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Madagascar Election: Andry Rajoelina Re-elected as President in Poll

Madagascar President Andry Rajoelina has won in the first round of the presidential election held on November 16, 2023, despite a boycott by almost all opposition candidates. The election results, indicating Rajoelina’s win with 58.95 percent of the votes, are subject to validation by the Constitutional Court.

Andry Rajoelina Re-elected as President in Poll

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Andry Rajoelina came to power in 2009 following a mutiny that ousted former president Marc Ravalomanana. Despite skipping elections, Rajoelina made a successful comeback in 2018.

The recent election saw 11 million voters choosing between Rajoelina and 12 other candidates, with ten of the incumbents’ rivals refusing to campaign and urging voters to boycott the ballot, labeling it a farce.

Andry Rajoelina a former mayor of the capital Antananarivo, faces accusations of corruption, greed, and negligence regarding the exploitation of Madagascar’s natural resources, including its precious rosewood forests.

The opposition alleges that Andry Rajoelina turned a blind eye to the pillage of the country’s resources. The opposition comprising two former presidents led near daily, unauthorized protests in the weeks leading up to the election.

These protests were met with police dispersals using tear gas, reflecting the political tensions in the country.

The opposition, dissatisfied with the electoral process, denounced irregularities, including closed polling stations, a lack of ballot boxes, and the alleged use of state resources by Rajoelina for his campaign.

The opposition has accused the government of orchestrating an institutional coup in favor of the incumbent, asserting that the electoral process was manipulated to secure Andry Rajoelina’s reappointment.

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Concerns about the use of force to disperse opposition demonstrations led eight countries and organizations, including the European Union and the United States, to express their apprehension.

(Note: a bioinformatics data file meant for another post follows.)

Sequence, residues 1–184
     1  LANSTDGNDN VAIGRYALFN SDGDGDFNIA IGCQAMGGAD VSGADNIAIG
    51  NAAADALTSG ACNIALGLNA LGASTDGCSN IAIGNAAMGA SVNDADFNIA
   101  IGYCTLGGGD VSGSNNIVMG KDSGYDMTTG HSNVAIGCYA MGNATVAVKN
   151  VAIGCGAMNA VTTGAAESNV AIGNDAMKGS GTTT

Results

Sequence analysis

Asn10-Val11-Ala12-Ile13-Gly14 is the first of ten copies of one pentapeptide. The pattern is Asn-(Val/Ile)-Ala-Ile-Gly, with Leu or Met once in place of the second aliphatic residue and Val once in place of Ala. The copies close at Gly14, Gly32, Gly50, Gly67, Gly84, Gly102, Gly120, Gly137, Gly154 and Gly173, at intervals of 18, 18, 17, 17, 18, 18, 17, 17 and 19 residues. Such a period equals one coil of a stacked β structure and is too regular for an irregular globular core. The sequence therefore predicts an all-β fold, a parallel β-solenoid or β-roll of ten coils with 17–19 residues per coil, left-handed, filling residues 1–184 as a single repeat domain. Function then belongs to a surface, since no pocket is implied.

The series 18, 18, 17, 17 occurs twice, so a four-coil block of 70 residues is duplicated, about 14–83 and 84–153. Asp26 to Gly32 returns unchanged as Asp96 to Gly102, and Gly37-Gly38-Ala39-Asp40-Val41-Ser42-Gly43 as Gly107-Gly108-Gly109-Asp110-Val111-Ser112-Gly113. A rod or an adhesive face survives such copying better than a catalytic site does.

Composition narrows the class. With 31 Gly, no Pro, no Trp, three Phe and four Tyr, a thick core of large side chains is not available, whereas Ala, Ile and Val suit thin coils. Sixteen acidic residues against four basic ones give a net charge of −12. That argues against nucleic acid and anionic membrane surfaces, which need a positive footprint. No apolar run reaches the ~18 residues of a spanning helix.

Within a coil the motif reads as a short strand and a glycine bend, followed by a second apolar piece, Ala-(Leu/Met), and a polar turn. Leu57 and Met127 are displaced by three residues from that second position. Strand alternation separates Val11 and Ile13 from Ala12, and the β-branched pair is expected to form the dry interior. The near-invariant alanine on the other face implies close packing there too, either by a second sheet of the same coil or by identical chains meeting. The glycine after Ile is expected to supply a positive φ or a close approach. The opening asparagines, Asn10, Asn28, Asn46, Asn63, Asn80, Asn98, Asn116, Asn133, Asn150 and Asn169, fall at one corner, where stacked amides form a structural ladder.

The opposition called for the suspension of the electoral process and urged the to intervene in order to ensure a fair and transparent election.

Madagascar has been in turmoil since media reports in June revealed that Rajoelina had acquired French nationality in 2014.

According to local law, the president should have lost his Madagascan nationality, questions about the validity of his candidacy and ability to lead the country.

This further fueled the opposition’s claims of an institutional coup and contributed to the instability in the lead-up to the election.

Siteny Randrianasoloniaiko one of the two opponents who remained in the race, has appealed to the High Constitutional Court to demand the cancellation of the vote results.

Randrianasoloniaiko alleges electoral fraud, stating that Rajoelina stole and bought the votes, and that the electoral commission manipulated the figures.

The court has nine days to confirm the results, and appeals can be filed within two days after the presentation of results by the electoral board.

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The controversy surrounding the election Rajoelina secured 58.95 percent of the votes in a context of low turnout, just over 46 percent.

The opposition, which had called for a boycott of the poll, declared that it would not recognize the results of the November 16 election, characterizing it as illegitimate and riddled with irregularities.

The joint opposition statement warned of political and social instability as a consequence of the election outcome.

International stakeholders including the European Union and the United States, have concern about the disproportionate use of force to quell opposition demonstrations.

The involvement of external actors underlines the significance of Madagascar’s politics disputed election on regional stability.

As Andry Rajoelina prepares for his third term in office, he faces challenges, including the need to address economic issues, create jobs, and improve the overall living conditions in a country where 75% of the population lives below the poverty line, according to the World Bank.

Political stability is crucial for Madagascar, which has experienced years of turbulence. Andry Rajoelina’s ability to navigate these challenges will shape the country in the coming years.

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